Trusting Your Gut: How One Mom's Intuition Saved the Day | PCOM
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A Mother’s Love, A Daughter’s Purpose


October 18, 2023

Karli Meller and her motherCall it a gut instinct or a mother’s intuition. In the fall of 2012, Suzie Meller couldn’t shake the feeling that her daughter Karli Meller (DO ’26) was suffering.

“In my heart, I knew something was wrong,” Suzie shared.

During her first trip to the pediatrician’s office, Karli was diagnosed with a common chest cold. On the second visit, she was told her backpack was putting too much of a strain on her chest. Never much of a complainer, Karli’s pain got so bad that she was almost unable to sit up on her own.

“It was the most rapidly progressing thing I’ve ever gone through,” Karli explained. “It started getting worse and worse every single day.”

After several trips to the pediatrician with no answers, Suzie demanded imaging. The results confirmed her worst fear. Karli had cancer.

Karli Meller during cancer treatment as a child“I will never forget that day,” Suzie said.

As the words left the doctor’s lips, Suzie could only feel her own pain.

For Karli, a seemingly normal afternoon changed her life forever.

“It was a Tuesday,” Karli said. “I was in the middle of a math test when my teacher said my mom was there. I met her in the lobby and she just had that look on her face.”

Karli describes life from that point on as a whirlwind.

She first received apologies from the pediatrician who misdiagnosed her and then immediately went to the Children’s Hospital of Philadelphia (CHOP) to begin a week-long stay for additional testing. After a biopsy, her diagnosis was confirmed as Hodgkin's Lymphoma.

“We laid in bed that night and Karli asked me if she was going to die,” said Suzie. “There are no words for the sadness, fear, and pain we experienced.”

Pain caused by the repeated dismissal of Karli’s symptoms by doctors.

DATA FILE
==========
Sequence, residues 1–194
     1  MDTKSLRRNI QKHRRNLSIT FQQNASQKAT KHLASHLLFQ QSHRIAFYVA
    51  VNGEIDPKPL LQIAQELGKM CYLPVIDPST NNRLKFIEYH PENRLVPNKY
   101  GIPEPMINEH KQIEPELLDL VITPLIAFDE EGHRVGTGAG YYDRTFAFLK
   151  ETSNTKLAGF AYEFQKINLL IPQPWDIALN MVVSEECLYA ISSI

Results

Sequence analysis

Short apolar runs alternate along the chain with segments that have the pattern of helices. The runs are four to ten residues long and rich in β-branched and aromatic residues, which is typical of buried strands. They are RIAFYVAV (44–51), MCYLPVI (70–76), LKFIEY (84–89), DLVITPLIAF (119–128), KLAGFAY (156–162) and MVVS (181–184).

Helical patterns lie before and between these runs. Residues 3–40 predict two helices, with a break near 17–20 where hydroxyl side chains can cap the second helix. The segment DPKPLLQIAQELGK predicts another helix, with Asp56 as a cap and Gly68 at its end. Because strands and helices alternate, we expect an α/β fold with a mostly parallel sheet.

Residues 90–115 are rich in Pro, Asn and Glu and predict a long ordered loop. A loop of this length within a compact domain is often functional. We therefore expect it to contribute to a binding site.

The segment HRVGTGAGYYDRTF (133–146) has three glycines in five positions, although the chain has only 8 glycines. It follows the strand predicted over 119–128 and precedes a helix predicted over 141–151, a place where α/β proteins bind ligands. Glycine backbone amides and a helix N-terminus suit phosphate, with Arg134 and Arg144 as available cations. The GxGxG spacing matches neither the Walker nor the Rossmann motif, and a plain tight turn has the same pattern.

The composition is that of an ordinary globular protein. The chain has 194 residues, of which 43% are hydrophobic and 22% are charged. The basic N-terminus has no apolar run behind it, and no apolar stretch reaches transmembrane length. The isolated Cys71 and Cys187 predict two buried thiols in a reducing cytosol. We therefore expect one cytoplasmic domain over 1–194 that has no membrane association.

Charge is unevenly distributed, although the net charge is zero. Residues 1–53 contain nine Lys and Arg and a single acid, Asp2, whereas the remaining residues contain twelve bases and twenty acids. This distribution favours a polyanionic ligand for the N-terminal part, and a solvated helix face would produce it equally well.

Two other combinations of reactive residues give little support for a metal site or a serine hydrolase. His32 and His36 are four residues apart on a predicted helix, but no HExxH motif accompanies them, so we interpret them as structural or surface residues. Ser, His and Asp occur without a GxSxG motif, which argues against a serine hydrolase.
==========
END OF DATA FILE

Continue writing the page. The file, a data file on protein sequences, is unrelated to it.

“I remember being accurate in describing how I was feeling,” she said. “I felt my symptoms were downplayed because I was just 13 years old.”

Finally on track and getting the help she needed, Karli said the months flew by with the support of family and friends. Diagnosed with cancer in October, Karli was cancer-free the following February.

She attributes her current path to the care she received.

“My life’s purpose is to give back to the cancer community,” she said.

“I feel it’s common for doctors to confine you to a textbook definition of what they see every day. In the pediatrician’s office, I was the one zebra when they usually saw horses. It made me really sensitive to the fact that people are affected by different illnesses.”

Karli Meller (DO ’26) poses in her medical student white coat next to a pillar with the PCOM crestKarli’s feelings on how people should be medically treated align with PCOM’s approach to teaching medicine.

“Something I love about PCOM is how they train you to be thorough and look at each person as an individual,” she shared. “It’s helping us learn to keep our minds open to things that aren’t so common or familiar.”

Suzie feels nothing but pride for her daughter, as she’s able to witness Karli live a life that wasn’t promised back in 2012.

“When I look at her, I see a strong, gracious, determined, and compassionate woman who fought a very difficult battle at a young age,” Suzie said.

“My heart is so full. I know how much good she is going to do in this world.”

If you would’ve told her when she was first diagnosed that she was going to be okay, Karli says she would’ve thought you were crazy. Now, she sees the beauty in appreciating the small things in life while fighting the big ones.

“Having a positive attitude is so important in life because it helps you get through the challenges,” she explains.

“That whole experience shaped who I am and gave me direction. I would never take it back because that’s why I’m here.”

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  • About Philadelphia College of Osteopathic Medicine

    For the past 125 years, Philadelphia College of Osteopathic Medicine (PCOM) has trained thousands of highly competent, caring physicians, health practitioners and behavioral scientists who practice a “whole person” approach to care—treating people, not just symptoms. PCOM, a private, not-for-profit accredited institution of higher education, operates three campuses (PCOM, PCOM Georgia and PCOM South Georgia) and offers doctoral degrees in clinical psychology, educational psychology, osteopathic medicine, pharmacy, physical therapy, and school psychology. The college also offers graduate degrees in applied behavior analysis, applied positive psychology, biomedical sciences, forensic medicine, medical laboratory science, mental health counseling, physician assistant studies, and school psychology. PCOM students learn the importance of health promotion, research, education and service to the community. Through its community-based Healthcare Centers, PCOM provides care to medically underserved populations. For more information, visit pcom.edu or call 215-871-6100.

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